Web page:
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Grey Owl

From Academic Kids

This article is about the Canadian conservationist and writer; there is also a Great Grey Owl.


Missing image
Grey_Owl.jpg
Portrait of Grey Owl in 1936,
by Yousuf Karsh.

Grey Owl (in Ojibwe: Wa-sha-quon-asin) was the name Archibald Belaney (September 18, 1888 - April 13, 1938) adopted when he took upon a First Nations identity as an adult. He was a writer and became one of Canada's first conservationists.

Contents

Early years

Archibald Stansfeld Belaney was born in September 1888 in Hastings, England, to a farmer family. His father wasted the family fortune in drinking. Some sources also suggest that his mother was only 13 years old when they were married. His parents separated in 1901, and his father left the country.

Belaney was raised by his grandmother and two maiden aunts. He expressed an interest in nature and American Indians at an early age. He went to Hastings Grammar School, and at the age of 16 - due to his aunts' urging - to work for a timber yard. He was fired when he dropped a bomb down his employer's chimney.

Immigration to Canada

In 1906 Belaney immigrated to Canada, ostensibly to study agriculture. After a brief time in Toronto, he moved to Temagami, Northern Ontario, and adopted an Indian identity and the name Grey Owl. He also married an Ojibwa woman, Angele Egwuna. He worked as a fur trapper, wilderness guide and forest ranger. He explained that he was a child of a Scottish father and Apache mother and had emigrated to join the Ojibwas.

During World War I, in 1915, Grey Owl joined the 13th Montreal Battalion of the Black Watch. His unit was shipped to France, where he served as a sniper. His compatriots treated him as an Indian and generally praised his conduct afterwards. He was wounded first in January 1916 and then again on April 24, 1916 with a shot through the foot. The wound contracted gangrene, and he was shipped to England for treatment.

Grey Owl was moved from one British infirmary to another for a full year while doctors tried in vain to restore his foot. He also met and briefly married childhood friend Constance Holmes. The marriage failed. He was shipped back to Canada in September 1917 and honorably discharged on November 30 with a disability pension.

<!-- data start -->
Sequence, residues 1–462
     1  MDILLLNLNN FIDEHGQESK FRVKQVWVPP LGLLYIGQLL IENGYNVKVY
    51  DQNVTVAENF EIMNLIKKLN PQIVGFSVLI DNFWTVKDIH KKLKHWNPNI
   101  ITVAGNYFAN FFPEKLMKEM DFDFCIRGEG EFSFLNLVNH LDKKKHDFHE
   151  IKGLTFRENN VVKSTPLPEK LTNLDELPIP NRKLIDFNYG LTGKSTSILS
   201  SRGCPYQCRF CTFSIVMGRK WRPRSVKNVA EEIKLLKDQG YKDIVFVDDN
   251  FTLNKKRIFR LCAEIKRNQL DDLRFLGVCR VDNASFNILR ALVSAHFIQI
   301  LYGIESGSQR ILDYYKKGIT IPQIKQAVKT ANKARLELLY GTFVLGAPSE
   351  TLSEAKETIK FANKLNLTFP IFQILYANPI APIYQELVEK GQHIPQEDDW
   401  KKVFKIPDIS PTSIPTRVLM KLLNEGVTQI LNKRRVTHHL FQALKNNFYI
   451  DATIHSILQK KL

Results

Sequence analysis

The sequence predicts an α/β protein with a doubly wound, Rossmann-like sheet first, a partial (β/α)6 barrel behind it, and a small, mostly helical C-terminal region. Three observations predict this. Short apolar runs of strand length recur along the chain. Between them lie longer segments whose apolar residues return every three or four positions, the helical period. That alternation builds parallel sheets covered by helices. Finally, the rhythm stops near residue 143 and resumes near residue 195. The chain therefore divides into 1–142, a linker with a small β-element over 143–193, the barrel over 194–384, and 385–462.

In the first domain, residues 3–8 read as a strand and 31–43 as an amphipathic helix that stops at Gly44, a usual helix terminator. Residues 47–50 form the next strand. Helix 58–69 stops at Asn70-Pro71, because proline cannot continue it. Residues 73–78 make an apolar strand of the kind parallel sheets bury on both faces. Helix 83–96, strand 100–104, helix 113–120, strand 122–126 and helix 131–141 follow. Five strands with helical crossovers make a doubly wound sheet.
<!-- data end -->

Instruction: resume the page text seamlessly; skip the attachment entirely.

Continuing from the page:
In 1925 he met the Iroquois woman Gertrude Bernard (whom he later called Anahareo), who encouraged him to stop trapping and publish his writings about wilderness life. His writings attracted the attention of the Dominion Parks Service, and he begun to work for them as a naturalist. In 1931 he and Anahareo moved briefly to a cabin in Riding Mountain National Park with their two pet beavers. Next year they moved to near Ajawaan Lake in Prince Albert National Park.

In his articles, books, and films he promoted the idea of environmentalism and nature conservation. In 1931, He wrote several articles for the Canadian Forestry Association (CFA) publication Forests and Outdoors:

  • King of the Beaver People (http://collections.ic.gc.ca/canforestry/lowend/greyowl/king_of_the_beaver_people.html), January 1931
  • A Day in a Hidden Town (http://collections.ic.gc.ca/canforestry/lowend/greyowl/a_day_in_a_hidden_town.html), April 1931
  • A Mess of Pottage (http://collections.ic.gc.ca/canforestry/lowend/greyowl/a_mess_of_pottage.html), May 1931
  • The Perils of Woods Travel (http://collections.ic.gc.ca/canforestry/lowend/greyowl/the_perils_of_woods_travel.html), September 1931
  • Indian Legends and Lore (http://collections.ic.gc.ca/canforestry/lowend/greyowl/indian_legends_and_lore.html), October 1931
  • A Philosophy of the Wild (http://collections.ic.gc.ca/canforestry/lowend/greyowl/a_philosopy_of_the_wild.html), December 1931

In 1935 and 1937 he successfully toured England (including Hastings) in Ojibwa costume to promote his books and lecture about conservation. His aunts recognized him but remained silent until 1937. In his latter tour he also visited the court and met princesses Elizabeth and Margaret.

The tours fatigued him badly, and in 1938 he returned to Beaver Lodge, his cabin at Ajawaan Lake. Grey Owl died of pneumonia on April 13, 1938; he is buried near his cabin.

Doubts about his Amerindian identity began to appear after his death. His publisher Lovat Dickson tried to prove his identity but ended up exposing the truth.

Posthumous recognition

Numerous books about Grey Owl have been published, including:

  • Grey Owl and I by Anahareo (1972)
  • Wilderness Man: The Strange Story of Grey Owl by Lovat Dickson (1974)

In 1999, the film Grey Owl premiered, directed by Richard Attenborough and starring Pierce Brosnan in the title role. The film received mostly poor reviews and received no theatrical release in the United States.

On the 100th anniversary of his birth, a Canadian Scarlet Maple tree was planted in his honor on the grounds of the Hastings Grammar School. In June 1997, the mayor of Hastings and the city's Member of Parliament (Michael Foster), unveiled a plaque in his honor on the house at 32 St James Road where he was born [1] (http://www.1066.net/greyowl/today.htm).

Grey Owl's books

  • The Men of the Last Frontier (1931)
  • Pilgrims of the Wild (1935)
  • Sajo and her Beaver People (1935; 1991 reprint: ISBN 0773673415)
  • Tales of an Empty Cabin (1936; 1999 reprint: ISBN 1552630307)

The first three of the above have been collected and reprinted as Grey Owl: Three Complete and Unabridged Canadian Classics (2001: ISBN 1552095908). Excerpts from all four were collected in The Book of Grey Owl: Selected Wildlife Stories (1938; 1989 reprint: ISBN 0771592930).

External links and sources

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